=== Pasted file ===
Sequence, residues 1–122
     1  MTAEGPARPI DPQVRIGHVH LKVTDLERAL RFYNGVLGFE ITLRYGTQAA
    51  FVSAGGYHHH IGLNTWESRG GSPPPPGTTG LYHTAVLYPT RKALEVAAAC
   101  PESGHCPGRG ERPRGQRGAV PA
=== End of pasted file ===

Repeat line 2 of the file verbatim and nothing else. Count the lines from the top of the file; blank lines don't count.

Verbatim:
     1  MTAEGPARPI DPQVRIGHVH LKVTDLERAL RFYNGVLGFE ITLRYGTQAA